Fair point :-)
For ease of use, I'd go with BCP. Which would you recommend?
If there are no "double-hop" or server trust problems for BULK INSERT, I'd go with BULK INSERT over BCP. That way, it can all be done from T-SQL without someone getting bent out of shape about using xp_CmdShell or having to do things from a command prompt or etc, etc. In the absence of xp_CmdShell, it's also a whole lot easier to make dynamic insofar as source and destination than using BCP. With that in mind, you can actually have a proc that does like they did in the 1TB/30Minute example insofar as parallel loads go. You can have a stored proc that creates multiple jobs and starts them all. Each job would poke a table with an "I'm done" marker that the main proc could check for completion. The jobs could be self-dropping or you could modify them from the main proc. Of course, such parallel loads don't do much for performance if your destination table/partitions are all on the same disk(s) regardless of how many files/filegroups you have. At best, I've only seen a nearly insignificant gain in load performance that way (same set of spindles) and I've also seen MUCH worse performance because the poor ol' read/write heads spend so much time thrashing on the same spindles.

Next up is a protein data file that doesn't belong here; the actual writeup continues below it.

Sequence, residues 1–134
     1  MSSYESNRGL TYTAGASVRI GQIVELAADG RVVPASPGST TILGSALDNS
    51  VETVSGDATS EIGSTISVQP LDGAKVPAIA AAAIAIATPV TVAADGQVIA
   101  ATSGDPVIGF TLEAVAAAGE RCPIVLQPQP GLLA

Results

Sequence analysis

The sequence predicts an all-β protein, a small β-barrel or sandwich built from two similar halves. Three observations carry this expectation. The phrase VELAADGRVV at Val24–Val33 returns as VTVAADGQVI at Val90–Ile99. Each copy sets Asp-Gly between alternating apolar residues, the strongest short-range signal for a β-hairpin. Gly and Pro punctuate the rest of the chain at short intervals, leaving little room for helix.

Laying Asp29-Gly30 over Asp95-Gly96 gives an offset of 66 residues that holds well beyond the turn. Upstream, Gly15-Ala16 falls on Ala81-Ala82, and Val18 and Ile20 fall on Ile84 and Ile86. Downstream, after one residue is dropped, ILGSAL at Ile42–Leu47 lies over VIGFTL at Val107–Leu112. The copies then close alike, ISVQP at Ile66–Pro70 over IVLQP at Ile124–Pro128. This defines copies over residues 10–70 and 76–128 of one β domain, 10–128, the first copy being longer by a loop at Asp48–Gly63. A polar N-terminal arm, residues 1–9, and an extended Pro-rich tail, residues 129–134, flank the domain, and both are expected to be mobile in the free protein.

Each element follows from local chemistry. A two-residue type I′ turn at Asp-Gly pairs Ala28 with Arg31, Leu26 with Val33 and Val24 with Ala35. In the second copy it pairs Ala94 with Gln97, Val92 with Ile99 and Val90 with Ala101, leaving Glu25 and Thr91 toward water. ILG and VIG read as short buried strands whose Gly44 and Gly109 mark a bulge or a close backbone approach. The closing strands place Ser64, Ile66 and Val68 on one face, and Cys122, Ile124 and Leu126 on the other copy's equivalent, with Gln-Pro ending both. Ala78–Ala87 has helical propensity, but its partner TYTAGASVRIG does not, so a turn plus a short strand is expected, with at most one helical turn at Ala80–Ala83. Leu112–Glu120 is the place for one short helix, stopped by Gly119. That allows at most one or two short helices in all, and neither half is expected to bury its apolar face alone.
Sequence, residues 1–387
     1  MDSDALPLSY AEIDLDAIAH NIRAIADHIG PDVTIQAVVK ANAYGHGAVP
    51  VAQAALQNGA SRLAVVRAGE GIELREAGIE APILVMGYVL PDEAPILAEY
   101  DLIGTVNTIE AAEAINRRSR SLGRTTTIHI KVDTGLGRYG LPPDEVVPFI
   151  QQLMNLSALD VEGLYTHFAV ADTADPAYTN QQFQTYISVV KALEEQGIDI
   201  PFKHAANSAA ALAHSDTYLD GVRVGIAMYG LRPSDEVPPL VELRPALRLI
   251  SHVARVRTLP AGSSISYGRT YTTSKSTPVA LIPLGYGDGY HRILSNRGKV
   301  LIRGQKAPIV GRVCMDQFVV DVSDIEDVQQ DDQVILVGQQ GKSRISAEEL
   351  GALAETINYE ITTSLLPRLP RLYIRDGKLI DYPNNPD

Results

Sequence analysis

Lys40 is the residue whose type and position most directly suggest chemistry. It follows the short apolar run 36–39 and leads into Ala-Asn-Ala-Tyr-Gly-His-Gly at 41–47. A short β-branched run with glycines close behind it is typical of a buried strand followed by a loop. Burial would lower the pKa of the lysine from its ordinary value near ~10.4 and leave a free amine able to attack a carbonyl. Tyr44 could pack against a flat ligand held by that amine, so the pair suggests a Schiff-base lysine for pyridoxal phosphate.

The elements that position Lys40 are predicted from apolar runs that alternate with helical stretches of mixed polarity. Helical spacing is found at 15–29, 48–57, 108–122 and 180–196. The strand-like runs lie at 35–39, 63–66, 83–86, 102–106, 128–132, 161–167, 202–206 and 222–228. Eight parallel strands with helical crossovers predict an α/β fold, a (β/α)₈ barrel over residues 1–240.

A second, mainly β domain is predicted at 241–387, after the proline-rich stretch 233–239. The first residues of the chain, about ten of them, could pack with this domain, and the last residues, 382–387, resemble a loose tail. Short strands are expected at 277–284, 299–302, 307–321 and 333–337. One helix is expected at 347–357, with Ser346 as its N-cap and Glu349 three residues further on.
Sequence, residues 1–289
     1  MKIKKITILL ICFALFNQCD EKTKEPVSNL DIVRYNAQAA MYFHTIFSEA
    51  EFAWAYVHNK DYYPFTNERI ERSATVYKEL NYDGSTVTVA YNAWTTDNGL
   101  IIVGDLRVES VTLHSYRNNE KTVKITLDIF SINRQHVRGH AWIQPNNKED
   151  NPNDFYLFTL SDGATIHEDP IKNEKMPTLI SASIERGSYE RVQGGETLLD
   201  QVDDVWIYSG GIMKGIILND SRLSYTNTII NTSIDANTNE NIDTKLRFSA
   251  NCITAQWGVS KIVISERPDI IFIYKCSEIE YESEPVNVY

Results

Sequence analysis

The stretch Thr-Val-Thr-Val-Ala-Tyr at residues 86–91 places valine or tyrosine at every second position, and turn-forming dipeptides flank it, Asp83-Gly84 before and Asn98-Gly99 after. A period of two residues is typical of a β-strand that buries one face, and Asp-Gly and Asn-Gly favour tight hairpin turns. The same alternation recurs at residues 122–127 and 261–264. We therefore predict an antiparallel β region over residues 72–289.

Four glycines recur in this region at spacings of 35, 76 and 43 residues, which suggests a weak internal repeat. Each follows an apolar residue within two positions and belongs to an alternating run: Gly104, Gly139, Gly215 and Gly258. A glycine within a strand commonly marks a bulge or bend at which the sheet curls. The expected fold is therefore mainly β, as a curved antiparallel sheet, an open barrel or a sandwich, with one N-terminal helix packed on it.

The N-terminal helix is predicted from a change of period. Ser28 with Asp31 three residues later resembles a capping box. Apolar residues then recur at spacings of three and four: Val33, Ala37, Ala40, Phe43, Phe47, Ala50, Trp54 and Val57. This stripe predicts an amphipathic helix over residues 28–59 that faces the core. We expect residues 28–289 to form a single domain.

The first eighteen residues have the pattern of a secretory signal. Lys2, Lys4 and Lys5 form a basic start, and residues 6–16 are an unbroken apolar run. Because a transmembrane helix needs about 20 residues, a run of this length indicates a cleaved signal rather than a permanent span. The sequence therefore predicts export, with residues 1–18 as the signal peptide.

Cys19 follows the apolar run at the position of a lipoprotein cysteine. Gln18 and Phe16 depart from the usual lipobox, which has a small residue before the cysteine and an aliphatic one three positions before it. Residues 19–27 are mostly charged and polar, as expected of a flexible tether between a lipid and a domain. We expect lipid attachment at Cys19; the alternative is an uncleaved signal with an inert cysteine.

is pronounced ree-bar and is a Modenism for R
First step towards the paradigm shift of writing Set Based code: Stop thinking about what you want to do to a row... think, instead, of what you want to do to a column.
Although they tell us that they want it real bad, our primary goal is to ensure that we dont actually give it to them that way.
Although change is inevitable, change for the better is not.
Just because you can do something in PowerShell, doesnt mean you should. Helpful Links:
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